"It was the best of times, it was the worst of times." The immortal words of Charles Dickens have never rung truer than now, during the age of COVID-19 and the global pandemic.
Horror and hope are intermingled daily, reminding all of us about the limits of our power, and the trust and faith that we must put in the Almighty.
This global plague has taken the world by storm, forcing us to physically separate from one another in a fashion that would have been unfathomable just a few months ago. Our lives as we knew them, the daily grind, have been replaced with a new normal defined by terms like self-quarantine and social distancing. Yet, within our hospitals, medical professionals are placing their lives on the line as they come face to face with very ill people, trying to deliver healing and help to those stricken by this insidious disease.
Here in the United States we like to think of ourselves as the epicenter of the world. All too often, we focus on ourselves and how global events are perceived through the prism of our own patriotism and self-proclaimed American exceptionalism. But across the globe, mankind is being humbled by forces far beyond its control. Whether you choose to think in terms of God or of science is of little difference; the consequences are the same.
Even in this land of plenty, with the world's most advanced medical care, we are struggling to survive this surge in sickness. Just imagine how much more dire the situation is and will continue to be in places without the benefit of monetary resources. The body count will surge higher and the impact will be even more pronounced.
Yet, when I outside each morning to jog, there is a palpable difference in the air. It is quieter, sweeter and more nourishing. Without the endless drone of emissions-spewing vehicles, you can feel the improved environment and hear the birds chirping cheerily. My running is stronger, my energy higher, my mind quieter.
Never before have I seen the true character of my colleagues on fuller display than during these difficult days. My staff at Howard Stirk Holdings has met the challenge with poise and professionalism. The team shows up each day (even from home) to deliver the news and stories that are our solemn duty in the greater service of keeping the public informed.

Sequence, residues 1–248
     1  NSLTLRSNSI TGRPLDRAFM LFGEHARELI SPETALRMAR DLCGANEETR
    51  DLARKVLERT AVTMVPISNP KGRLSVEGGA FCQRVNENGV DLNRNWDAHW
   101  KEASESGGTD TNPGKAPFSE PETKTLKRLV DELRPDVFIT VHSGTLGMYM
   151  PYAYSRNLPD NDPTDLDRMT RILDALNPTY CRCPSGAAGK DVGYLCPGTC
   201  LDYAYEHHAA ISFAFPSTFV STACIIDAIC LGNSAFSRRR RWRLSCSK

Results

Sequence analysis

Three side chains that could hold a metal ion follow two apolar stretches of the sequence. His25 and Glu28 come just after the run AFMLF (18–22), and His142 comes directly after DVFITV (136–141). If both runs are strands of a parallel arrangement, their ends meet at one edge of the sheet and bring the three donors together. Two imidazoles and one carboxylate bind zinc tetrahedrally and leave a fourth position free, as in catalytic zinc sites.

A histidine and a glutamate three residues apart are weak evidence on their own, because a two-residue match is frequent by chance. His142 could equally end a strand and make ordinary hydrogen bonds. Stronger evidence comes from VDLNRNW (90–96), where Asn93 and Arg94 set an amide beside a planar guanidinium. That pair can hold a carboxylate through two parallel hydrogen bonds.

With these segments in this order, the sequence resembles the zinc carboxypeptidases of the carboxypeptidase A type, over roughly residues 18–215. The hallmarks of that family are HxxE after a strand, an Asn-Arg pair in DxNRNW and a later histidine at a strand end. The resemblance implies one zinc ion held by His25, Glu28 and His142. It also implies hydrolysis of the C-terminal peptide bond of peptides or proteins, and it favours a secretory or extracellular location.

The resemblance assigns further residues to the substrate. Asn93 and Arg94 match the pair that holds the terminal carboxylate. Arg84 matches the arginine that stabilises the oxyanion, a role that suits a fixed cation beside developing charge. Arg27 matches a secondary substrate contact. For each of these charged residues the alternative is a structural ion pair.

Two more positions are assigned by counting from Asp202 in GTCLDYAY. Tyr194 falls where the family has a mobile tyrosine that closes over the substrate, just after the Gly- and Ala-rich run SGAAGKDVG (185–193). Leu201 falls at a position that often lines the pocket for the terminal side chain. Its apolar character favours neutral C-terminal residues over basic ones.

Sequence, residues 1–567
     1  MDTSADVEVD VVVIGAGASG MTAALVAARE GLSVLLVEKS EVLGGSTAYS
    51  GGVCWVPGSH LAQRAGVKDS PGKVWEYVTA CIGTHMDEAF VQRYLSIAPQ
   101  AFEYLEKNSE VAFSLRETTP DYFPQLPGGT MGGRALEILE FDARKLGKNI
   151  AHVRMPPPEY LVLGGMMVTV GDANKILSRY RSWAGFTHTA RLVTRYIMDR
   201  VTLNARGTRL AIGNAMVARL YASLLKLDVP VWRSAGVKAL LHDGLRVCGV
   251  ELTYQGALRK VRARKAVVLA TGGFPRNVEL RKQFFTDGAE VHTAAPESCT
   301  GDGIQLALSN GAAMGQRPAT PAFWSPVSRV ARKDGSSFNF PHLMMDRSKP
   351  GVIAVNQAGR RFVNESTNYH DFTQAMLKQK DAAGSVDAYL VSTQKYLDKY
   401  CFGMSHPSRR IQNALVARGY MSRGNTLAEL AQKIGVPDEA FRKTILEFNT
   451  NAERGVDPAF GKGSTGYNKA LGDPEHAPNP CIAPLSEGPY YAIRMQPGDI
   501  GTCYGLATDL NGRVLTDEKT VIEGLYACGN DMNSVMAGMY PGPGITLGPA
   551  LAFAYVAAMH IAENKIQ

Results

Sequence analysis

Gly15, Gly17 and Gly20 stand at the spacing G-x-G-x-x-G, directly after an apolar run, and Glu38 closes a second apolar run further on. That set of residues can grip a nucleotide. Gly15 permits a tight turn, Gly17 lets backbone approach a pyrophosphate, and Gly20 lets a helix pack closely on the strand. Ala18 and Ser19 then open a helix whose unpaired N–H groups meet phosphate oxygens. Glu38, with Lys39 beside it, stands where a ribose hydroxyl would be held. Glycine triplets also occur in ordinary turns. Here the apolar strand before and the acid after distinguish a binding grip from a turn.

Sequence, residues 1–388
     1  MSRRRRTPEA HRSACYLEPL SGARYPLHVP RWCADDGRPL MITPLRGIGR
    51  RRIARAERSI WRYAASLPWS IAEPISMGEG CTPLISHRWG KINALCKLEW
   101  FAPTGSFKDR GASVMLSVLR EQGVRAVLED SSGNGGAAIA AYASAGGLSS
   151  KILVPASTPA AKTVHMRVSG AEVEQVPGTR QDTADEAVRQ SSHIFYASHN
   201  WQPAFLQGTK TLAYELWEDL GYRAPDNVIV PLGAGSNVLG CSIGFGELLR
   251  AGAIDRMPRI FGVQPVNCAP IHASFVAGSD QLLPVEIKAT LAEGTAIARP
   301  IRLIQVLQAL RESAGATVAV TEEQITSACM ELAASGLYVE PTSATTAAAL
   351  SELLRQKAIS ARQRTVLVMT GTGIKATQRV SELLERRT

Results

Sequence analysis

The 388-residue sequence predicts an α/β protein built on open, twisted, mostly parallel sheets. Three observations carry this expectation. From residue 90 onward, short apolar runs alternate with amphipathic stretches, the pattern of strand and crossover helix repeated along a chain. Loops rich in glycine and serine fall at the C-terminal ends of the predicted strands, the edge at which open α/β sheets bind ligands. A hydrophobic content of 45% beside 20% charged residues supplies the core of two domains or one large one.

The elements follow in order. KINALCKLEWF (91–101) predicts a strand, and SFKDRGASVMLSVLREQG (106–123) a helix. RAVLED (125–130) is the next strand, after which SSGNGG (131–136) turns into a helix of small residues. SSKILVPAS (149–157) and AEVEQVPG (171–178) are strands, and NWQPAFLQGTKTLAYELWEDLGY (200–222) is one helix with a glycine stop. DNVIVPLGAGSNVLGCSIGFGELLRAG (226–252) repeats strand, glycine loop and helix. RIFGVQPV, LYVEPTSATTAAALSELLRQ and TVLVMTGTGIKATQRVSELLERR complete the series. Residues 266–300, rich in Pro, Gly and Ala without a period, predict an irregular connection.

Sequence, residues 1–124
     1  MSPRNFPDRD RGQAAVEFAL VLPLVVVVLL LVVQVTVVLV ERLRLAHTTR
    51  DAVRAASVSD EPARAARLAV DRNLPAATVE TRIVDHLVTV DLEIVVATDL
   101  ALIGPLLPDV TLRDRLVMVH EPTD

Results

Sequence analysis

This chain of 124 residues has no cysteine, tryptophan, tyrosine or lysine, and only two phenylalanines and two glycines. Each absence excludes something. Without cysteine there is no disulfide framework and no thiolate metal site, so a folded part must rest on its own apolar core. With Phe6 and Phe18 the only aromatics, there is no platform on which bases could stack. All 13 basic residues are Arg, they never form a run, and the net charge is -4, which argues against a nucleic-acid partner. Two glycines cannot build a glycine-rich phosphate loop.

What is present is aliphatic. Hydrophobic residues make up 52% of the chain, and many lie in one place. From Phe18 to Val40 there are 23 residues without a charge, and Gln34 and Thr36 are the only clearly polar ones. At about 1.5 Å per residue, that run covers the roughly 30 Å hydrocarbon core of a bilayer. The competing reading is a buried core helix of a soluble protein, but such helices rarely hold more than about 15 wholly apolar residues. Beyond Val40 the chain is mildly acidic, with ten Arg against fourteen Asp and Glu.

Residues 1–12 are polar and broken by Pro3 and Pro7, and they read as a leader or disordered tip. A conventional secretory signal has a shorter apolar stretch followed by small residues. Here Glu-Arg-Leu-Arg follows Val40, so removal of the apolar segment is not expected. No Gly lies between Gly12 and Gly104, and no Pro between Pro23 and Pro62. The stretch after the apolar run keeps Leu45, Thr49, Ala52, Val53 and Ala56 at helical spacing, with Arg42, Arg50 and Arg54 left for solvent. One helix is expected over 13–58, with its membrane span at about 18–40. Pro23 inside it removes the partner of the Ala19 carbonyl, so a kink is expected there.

Yet, just miles away, some of my friends, family and neighbors labor to breathe, painfully afflicted by COVID-19. When you know someone whose life is on the line, this plague becomes real and its impact becomes personal.
The nature of the disease necessitates that we physically pull away from those in their greatest hour of need, which illustrates the cruelty of this horrible virus. All around us people are in desperate need of physical connection and love, but instead we must separate from them and make do with video chats instead of warm embraces.
In the days before this virus ran rampant, we liked to delude ourselves with false narratives of our self-importance. But our utter frailty and impotence in the face of God has been laid bare for all the world to see.
Sadly, those who obsess over the coronavirus by watching an endless stream of horror on television and spend their entire days following the carnage on social media are also terrifying themselves and making themselves sicker. They are, in effect, giving up and waiting to get sick and die.
This virus was here among us before we had a name for it, and it will continue to exist long after we are gone. My brother had it. But he kept faith and fully recovered, as so many will. The fear of this pandemic is nearly as destructive as the coronavirus itself.
This moment in our lives is forcing a reset and a rethinking about where we choose to invest our time and our energy. It is shaking our confidence, but in so doing it is reminding us all that we humans are base animals, powerless in comparison with the forces of God and nature.
We do not have a fraction of the power and control that we think we have. We are beholden to forces far greater than our own, and we are at its every whim.
What coronavirus is showing us clearly is that we all need each other, and that mankind needs God.
To find out more about Armstrong Williams and read features by other Creators Syndicate writers and cartoonists, visit the Creators Syndicate website at www.creators.com.
Photo credit: DarkWorkX at Pixabay